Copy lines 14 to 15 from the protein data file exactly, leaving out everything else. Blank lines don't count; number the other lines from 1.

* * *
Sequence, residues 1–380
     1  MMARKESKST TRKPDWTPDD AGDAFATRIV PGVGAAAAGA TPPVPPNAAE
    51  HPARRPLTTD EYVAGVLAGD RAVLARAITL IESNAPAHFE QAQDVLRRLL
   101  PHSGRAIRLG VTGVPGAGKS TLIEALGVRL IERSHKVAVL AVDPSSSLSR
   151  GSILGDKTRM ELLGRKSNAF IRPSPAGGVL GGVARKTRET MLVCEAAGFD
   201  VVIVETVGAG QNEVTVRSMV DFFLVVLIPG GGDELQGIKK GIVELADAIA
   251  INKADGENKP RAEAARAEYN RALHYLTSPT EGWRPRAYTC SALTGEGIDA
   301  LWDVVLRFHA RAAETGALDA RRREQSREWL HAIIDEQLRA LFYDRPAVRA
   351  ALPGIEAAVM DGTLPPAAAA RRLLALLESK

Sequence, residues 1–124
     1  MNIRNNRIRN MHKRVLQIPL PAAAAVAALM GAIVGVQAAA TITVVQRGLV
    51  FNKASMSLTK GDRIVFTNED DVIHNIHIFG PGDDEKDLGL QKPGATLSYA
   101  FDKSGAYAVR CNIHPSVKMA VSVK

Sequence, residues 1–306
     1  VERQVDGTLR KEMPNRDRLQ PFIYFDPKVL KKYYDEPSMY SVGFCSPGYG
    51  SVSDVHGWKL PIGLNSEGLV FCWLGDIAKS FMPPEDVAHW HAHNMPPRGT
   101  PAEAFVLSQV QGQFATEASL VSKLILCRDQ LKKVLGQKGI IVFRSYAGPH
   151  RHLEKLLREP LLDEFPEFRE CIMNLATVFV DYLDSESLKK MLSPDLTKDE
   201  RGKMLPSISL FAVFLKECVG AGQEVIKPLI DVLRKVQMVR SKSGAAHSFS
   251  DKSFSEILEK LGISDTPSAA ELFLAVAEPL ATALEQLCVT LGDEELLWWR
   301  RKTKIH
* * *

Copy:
Sequence, residues 1–306
     1  VERQVDGTLR KEMPNRDRLQ PFIYFDPKVL KKYYDEPSMY SVGFCSPGYG